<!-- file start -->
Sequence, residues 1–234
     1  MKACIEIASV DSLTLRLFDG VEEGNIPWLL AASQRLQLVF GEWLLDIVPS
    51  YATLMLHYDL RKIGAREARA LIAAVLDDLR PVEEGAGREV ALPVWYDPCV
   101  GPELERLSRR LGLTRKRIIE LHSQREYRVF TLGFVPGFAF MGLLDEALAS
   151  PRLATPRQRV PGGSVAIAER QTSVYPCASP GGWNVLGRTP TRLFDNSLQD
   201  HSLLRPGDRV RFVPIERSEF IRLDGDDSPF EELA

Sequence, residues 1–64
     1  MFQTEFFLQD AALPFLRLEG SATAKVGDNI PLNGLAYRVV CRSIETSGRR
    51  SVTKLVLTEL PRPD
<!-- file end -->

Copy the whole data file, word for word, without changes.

Sequence, residues 1–234
     1  MKACIEIASV DSLTLRLFDG VEEGNIPWLL AASQRLQLVF GEWLLDIVPS
    51  YATLMLHYDL RKIGAREARA LIAAVLDDLR PVEEGAGREV ALPVWYDPCV
   101  GPELERLSRR LGLTRKRIIE LHSQREYRVF TLGFVPGFAF MGLLDEALAS
   151  PRLATPRQRV PGGSVAIAER QTSVYPCASP GGWNVLGRTP TRLFDNSLQD
   201  HSLLRPGDRV RFVPIERSEF IRLDGDDSPF EELA

Sequence, residues 1–64
     1  MFQTEFFLQD AALPFLRLEG SATAKVGDNI PLNGLAYRVV CRSIETSGRR
    51  SVTKLVLTEL PRPD